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Pseudo-Kaposi sarcoma: A challenging vascular phenomenon

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Pseudo-Kaposi sarcoma: A challenging vascular phenomenon
Sibel Doğan MD, Gonca Boztepe MD, Ayşen Karaduman MD
Dermatology Online Journal 13 (3): 22

Hacettepe University Faculty of Medicine Department of Dermatology, Ankara, Turkey


Pseudo-Kaposi sarcoma is a rare vascular phenomenon which can be related to congenital vascular malformations or acquired venous insufficiency. The differential diagnosis includes Kaposi sarcoma. In this report, a patient with Pseudo-Kaposi sarcoma Stewart-Bluefarb subtype is presented and the related literature is reviewed.

Clinical synopsis

A 17-year-old boy who suffered from confluent vascular plaques on the left leg since birth was admitted for evaluation. He was complaining about the progression of the lesions over the last year. The lesions were associated pain and edema and they prevented him from standing for a long time.

Dermatologic examination revealed hypertrophic, violaceous plaques around the left ankle spreading to the proximal part of the knee. Up to five satellite firm lesions on the anterior tibia were noted. The plaque continued as a red-purple patch on the mediolateral of the distal 1/3 of the thigh. Neither ulceration nor elevation in the skin temperature were observed, however an enlargement both in the thickness and length of the involved limb was prominent. Although bilateral femoral pulses were palpable, the left popliteal pulse was absent. The rest of the dermatologic and physical examination were non-remarkable (Figs. 1-4).

Figure 1Figure 2
Figure 1. Patient's leg with vascular plaques is obviously thicker than the other one.
Figure 2. Vascular hypertrophic plaques on patient's left leg.

Figure 3Figure 4
Figure 3. Hypertrophic, violaceous plaques are seen nearby.
Figure 4. Hypertrophic plaques are observed on posterior aspect of the leg.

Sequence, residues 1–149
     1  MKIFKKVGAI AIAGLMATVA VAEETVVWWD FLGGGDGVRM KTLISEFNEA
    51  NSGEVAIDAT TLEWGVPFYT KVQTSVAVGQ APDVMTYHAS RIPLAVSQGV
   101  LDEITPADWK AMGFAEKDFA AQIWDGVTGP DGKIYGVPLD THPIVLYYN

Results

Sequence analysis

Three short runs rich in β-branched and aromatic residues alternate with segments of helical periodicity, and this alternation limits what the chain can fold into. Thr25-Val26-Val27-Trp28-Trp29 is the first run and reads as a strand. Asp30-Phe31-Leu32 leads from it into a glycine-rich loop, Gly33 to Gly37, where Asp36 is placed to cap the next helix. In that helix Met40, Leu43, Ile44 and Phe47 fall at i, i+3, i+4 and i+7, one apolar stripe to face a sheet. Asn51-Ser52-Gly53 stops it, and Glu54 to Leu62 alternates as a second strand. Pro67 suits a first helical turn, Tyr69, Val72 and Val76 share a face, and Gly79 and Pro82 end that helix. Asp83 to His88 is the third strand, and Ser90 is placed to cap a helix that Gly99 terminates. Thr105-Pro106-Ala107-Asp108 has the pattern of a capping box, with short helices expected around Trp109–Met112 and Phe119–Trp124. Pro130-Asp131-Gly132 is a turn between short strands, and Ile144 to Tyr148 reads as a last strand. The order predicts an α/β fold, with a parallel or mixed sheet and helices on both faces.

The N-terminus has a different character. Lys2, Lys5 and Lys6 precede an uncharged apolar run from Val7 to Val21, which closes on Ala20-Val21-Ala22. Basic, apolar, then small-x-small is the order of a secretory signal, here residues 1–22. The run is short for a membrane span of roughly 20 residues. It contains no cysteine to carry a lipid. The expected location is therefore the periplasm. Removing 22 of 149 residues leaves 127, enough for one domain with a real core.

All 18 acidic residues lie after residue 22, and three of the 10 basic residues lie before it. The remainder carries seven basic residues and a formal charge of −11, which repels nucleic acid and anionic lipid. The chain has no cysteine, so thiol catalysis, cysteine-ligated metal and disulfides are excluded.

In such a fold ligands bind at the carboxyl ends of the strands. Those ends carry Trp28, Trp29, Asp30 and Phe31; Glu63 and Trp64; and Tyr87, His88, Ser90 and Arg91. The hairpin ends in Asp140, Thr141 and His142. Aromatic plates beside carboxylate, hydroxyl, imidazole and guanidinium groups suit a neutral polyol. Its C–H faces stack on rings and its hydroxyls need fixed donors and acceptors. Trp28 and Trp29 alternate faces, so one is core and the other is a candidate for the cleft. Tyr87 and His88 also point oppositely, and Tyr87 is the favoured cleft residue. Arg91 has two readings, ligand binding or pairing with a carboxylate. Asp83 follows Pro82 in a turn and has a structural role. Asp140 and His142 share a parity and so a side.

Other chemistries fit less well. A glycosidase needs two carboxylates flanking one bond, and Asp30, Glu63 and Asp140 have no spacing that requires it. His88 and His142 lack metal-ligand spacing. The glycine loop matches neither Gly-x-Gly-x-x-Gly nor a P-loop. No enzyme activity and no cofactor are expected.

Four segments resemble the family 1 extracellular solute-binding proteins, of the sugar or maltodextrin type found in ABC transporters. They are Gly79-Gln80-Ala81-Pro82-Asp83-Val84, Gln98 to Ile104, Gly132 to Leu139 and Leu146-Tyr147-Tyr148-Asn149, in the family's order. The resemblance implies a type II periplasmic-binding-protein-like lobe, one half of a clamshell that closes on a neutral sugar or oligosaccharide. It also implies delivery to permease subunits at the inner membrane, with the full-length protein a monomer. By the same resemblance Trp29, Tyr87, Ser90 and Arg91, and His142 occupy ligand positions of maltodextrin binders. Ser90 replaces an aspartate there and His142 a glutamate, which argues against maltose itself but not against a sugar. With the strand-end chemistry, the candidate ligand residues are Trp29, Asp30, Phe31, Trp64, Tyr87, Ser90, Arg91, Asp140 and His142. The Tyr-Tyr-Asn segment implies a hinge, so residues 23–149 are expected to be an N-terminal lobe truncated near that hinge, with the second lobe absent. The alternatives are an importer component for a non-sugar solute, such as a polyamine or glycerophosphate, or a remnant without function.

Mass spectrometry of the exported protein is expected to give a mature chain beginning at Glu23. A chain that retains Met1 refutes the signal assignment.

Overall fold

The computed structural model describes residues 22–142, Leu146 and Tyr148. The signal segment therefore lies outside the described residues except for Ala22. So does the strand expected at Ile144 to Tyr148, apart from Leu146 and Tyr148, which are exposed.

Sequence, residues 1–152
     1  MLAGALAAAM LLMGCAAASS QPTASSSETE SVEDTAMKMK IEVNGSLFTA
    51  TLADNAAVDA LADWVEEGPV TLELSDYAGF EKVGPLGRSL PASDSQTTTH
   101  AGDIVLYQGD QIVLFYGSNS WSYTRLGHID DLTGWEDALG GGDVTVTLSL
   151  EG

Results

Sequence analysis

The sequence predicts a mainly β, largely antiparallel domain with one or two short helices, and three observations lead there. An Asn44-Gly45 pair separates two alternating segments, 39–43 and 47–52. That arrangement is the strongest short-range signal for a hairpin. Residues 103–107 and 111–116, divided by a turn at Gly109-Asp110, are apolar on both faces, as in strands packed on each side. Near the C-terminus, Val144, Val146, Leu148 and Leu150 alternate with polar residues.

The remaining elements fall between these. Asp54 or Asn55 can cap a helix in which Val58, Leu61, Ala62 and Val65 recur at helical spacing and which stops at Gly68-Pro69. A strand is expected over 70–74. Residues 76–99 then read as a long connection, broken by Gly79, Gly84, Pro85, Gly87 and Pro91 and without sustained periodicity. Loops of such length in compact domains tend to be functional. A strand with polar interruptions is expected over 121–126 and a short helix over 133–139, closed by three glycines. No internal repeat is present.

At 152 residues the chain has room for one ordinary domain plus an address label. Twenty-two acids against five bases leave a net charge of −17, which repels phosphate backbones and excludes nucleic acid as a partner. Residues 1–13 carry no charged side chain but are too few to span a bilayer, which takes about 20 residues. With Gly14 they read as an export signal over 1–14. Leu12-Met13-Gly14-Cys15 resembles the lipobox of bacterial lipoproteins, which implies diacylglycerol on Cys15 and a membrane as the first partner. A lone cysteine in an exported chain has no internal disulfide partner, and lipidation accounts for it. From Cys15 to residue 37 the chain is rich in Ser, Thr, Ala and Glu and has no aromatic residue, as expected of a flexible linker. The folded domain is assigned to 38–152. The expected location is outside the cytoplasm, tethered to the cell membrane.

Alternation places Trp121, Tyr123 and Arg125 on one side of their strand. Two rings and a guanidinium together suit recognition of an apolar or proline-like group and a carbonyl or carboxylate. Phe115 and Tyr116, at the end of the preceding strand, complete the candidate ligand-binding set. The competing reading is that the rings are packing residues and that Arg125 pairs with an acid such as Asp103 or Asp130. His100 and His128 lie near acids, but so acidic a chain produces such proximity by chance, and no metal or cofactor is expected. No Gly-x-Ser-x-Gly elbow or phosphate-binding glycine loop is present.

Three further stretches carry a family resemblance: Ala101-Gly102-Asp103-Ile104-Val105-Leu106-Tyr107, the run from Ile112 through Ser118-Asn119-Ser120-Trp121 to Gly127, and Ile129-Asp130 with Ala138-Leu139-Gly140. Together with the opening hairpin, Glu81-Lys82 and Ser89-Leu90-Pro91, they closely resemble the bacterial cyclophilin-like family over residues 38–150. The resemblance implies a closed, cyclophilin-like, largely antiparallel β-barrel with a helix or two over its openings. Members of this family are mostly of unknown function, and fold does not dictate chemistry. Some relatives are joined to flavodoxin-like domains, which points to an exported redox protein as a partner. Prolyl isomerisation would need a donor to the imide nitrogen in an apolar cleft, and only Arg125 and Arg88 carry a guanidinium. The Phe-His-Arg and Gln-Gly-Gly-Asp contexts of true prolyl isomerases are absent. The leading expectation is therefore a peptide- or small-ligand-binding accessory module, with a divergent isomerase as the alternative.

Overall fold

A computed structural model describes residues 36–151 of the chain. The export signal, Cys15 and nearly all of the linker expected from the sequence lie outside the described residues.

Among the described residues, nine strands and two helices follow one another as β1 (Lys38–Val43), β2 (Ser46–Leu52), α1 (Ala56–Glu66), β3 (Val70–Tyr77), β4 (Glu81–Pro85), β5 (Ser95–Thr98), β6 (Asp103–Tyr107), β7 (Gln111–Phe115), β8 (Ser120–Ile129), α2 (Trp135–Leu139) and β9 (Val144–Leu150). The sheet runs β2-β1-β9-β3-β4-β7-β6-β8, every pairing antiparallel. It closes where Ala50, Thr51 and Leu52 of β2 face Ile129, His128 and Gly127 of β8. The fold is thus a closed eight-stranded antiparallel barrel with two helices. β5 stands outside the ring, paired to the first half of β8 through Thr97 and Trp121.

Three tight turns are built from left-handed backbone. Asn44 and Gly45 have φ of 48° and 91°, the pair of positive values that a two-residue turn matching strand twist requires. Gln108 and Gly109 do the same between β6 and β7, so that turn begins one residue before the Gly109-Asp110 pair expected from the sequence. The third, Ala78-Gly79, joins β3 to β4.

The patient was given a presumptive diagnosis of pseudo-Kaposi sarcoma. A shave biopsy was performed on one of the satellite lesions. Histopathologic examination showed dilated capillaries, extravasated erythrocytes and surrounding lobular hyperplastic granulation tissue. Vascular slits and CD34 expression were absent, which confirmed the clinical diagnosis of pseudo-Kaposi sarcoma. Figures 5 and 6 demonstrate the histologic features that enabled us to rule out the differential diagnosis like Kaposi sarcoma and other malign vascular proliferations.

Figure 5Figure 6
Figure 5. Benign endothelium, increased volume of dermal fibrous stroma, erythrocyte extravasation is observed.
Figure 6. Perivascular cordons of benign fibrous tissue negatively stained with CD34.

On his second examination about a week after the biopsy, we surprisingly observed that the patient had developed an additional hypertrophic satellite lesion at the shave biopsy site. He was later evaluated by the department of cardiothoracic surgery and angiographic embolization of arteriovenous malformations enhanced by Doppler USG was considered as the treatment of choice.


Pseudo-Kaposi sarcoma is a rare self limited disorder that can be congenital (as in our case) or acquired. The patients develop brown macules, violaceous or purplish nodules and plaques which become verrucous or ulcerate. Pseudo-Kaposi sarcoma has been reported in patients who had chronic venous insufficiency [1], paralyzed extremities [2], amputation stump [3], procedures of arteriovenous vascular fistula for hemodialysis [4], and suction-socket lower limb prosthesis [5]. There are also reports claiming minor traumas as a cause of pseudo-Kaposi sarcoma[6].

Although it was Earhart et al. who first used the term pseudo-Kaposi sarcoma in 1974 [7], this clinical picture was first reported by Mali in 1965 as a kaposiform skin lesion in patients with chronic vascular insufficiency. Angiodermatitis of Mali refers to the proliferation of vessels of the lower extremities, mainly on the dorsal aspect of the feet and ankles as a result of chronic venous insufficiency. The lesions particularly appear in elder patients in the background of stasis dermatitis [1]. In 1967 Bluefarb and Adams described a similar type of skin lesion in a patient who had congenital arteriovenous malformation and who did not have venous insufficiency or stasis dermatitis [8]. An arteriovenous malformation beginning early in life that unilaterally involves the lower extremities is the characteristic of the described clinical presentation also known as Stewart-Bluefarb syndrome. The underlying arteriovenous shunt can be diagnosed by the presence of a palpable thrill or audible bruit. Stewart-Bluefarb syndrome was recently suggested to be secondary to Klippel-Trenaunay syndrome. Unlike this syndrome Stewart-Bluefarb syndrome is seldom accompanied with limb hypertrophy [1].